The family plays a special role in our faith. When God sent us the Messiah, Jesus Christ, he sent him as an infant to be part of a family. It is within our family that we are nurtured, learn, and grow, eventually moving on to start our own families. They are a beautiful experience of love, hope, and mercy. In the spring of 2016, Pope Francis wrote the Apostolic Exhortation Amoris Laetitia on love in the family. He begins with the statement that “The joy of love experienced by families is also the joy of the Church (1).” It is a reminder for us that family life is a vocation, and although it has its challenges, it offers great rewards.
As we approach Family Day, it is my great wish for all of your that you enjoy a special day with the people who fill your hearts with the joy of love
Teams, Robots, and Solving Problems
This past weekend saw 6 of our schools competing in the FIRST LEGO League Robotics Edmonton region competition. This event, which is held each January at NAIT is always such fun for our students. They take their knowledge in robotics and use that to compete in various challenges. It is the perfect example of translating learning into real life contexts. Those incredibly valuable skills of teamwork, respect, communication, time management, and problem solving are critical to student success, and, in fact, to adult success as well!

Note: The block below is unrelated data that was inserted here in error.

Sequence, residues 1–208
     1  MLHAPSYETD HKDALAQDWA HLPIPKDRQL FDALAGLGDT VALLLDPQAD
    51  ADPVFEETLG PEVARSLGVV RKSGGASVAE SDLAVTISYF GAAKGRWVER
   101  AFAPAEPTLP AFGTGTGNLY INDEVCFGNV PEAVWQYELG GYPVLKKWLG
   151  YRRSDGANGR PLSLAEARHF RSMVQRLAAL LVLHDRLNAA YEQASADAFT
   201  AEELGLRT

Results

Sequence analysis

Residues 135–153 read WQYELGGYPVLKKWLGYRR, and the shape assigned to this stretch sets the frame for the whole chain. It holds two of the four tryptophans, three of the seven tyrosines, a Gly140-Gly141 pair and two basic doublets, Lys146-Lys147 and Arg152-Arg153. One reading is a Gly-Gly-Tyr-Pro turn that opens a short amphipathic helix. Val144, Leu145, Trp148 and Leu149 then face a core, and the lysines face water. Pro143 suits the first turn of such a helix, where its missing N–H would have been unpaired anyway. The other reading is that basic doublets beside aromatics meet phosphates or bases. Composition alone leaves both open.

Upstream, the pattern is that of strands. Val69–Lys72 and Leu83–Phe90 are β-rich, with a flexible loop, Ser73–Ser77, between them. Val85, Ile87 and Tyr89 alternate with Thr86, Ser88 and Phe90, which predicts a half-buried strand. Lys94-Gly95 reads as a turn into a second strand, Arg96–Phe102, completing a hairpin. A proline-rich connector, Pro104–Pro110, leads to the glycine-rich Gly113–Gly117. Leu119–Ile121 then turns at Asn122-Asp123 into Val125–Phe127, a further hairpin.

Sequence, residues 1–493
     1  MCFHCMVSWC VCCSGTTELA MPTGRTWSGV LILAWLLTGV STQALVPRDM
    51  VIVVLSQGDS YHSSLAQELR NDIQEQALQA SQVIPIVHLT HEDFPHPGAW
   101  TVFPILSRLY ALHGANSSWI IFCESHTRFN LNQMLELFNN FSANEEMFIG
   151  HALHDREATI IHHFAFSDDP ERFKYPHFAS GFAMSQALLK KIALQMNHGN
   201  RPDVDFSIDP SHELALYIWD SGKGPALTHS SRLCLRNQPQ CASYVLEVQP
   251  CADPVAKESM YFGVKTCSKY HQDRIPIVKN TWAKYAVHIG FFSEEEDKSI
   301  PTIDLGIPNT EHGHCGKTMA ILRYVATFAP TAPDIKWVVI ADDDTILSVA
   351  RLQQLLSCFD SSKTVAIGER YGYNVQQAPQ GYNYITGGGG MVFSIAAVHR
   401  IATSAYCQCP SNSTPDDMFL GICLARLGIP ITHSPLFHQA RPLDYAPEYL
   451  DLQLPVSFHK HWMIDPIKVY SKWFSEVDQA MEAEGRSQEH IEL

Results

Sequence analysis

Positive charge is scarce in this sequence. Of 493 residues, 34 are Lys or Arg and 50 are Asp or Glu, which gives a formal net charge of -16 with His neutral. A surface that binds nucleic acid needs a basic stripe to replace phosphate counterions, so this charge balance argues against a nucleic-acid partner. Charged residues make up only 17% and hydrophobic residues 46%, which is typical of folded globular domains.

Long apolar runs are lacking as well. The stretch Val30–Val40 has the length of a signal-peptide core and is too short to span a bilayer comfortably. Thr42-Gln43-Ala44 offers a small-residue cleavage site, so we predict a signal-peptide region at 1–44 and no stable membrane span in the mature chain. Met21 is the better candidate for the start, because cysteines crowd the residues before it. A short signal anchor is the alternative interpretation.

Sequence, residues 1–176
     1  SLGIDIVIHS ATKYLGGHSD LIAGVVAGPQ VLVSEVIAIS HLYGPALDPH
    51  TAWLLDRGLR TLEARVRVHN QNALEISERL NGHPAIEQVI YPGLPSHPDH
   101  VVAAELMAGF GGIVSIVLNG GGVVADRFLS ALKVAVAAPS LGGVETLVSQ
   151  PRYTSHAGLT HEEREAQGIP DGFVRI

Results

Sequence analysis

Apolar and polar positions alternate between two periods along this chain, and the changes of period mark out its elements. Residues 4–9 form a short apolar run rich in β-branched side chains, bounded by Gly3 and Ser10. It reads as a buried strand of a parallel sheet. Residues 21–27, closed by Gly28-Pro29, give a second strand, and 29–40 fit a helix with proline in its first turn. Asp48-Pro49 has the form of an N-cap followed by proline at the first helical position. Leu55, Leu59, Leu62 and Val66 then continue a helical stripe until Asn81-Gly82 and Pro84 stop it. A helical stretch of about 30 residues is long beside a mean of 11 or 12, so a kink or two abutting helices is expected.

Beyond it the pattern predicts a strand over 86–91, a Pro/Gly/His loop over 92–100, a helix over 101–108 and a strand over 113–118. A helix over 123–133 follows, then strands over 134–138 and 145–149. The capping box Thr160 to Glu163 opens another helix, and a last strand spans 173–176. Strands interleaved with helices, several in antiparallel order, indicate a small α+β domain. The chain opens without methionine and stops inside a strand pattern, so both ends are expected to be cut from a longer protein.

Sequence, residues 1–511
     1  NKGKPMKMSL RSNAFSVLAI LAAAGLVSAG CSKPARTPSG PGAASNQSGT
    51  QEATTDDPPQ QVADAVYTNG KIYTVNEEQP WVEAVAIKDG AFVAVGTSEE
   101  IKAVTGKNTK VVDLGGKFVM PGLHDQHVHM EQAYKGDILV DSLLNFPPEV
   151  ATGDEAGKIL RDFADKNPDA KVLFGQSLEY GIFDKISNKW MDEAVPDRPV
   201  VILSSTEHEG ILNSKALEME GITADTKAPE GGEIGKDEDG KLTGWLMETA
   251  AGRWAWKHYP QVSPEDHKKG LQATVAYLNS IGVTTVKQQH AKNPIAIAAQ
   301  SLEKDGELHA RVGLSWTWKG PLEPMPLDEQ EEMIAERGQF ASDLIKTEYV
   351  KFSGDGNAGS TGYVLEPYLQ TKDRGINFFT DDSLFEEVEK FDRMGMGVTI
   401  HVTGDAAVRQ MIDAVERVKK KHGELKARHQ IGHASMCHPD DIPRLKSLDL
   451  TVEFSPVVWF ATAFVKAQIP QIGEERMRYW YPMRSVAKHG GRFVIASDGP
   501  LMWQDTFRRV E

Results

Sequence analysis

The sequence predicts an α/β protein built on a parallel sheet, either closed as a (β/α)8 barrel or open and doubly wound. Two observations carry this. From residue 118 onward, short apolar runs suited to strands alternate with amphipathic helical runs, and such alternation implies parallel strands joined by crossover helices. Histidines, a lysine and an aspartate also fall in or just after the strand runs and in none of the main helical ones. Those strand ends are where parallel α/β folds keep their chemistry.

The competition is a wonderful opportunity to increase interest and understanding in STEM and is very popular. This year, approximately 500 students formed over 50 teams; they were supported by over 300 volunteers and 2100 spectators. If you are interested in participating next year or would like more information, please contact John Korassa, who volunteers as the Edmonton Director of FIRST LEGO League or Floriana Bruni-Bossio, who volunteers as the Tournament Registration Co-ordinator. I know that they will be so happy to share their passion for providing this excellent STEM opportunity to students with you.
Congratulations to St. Jerome, Sister Annata Brockman, Monsignor Fee Otterson, and St. Gabriel for winning awards and to all our ECSD teams for your great work this weekend!
Praying for each other: Week of Prayer for Christian Unity
In communities, we always fare far better when members find a place of commonality and then build on those shared values as they move forward and take responsibility for building a more just world. This holds true for communities of all sizes, ranging from the family to the parish to the world.
Each year, from January 18-25, Christians from around the world join together as believers in Christ to pray for unity using a relevant global theme. This year’s theme, Justice and only justice shall you pursue (Deuteronomy 16:18-20), was prepared by Christians from Indonesia. Here is an excerpt from the resources from the Pontifical Council for Promoting Christian Unity that sets the context for this year’s theme: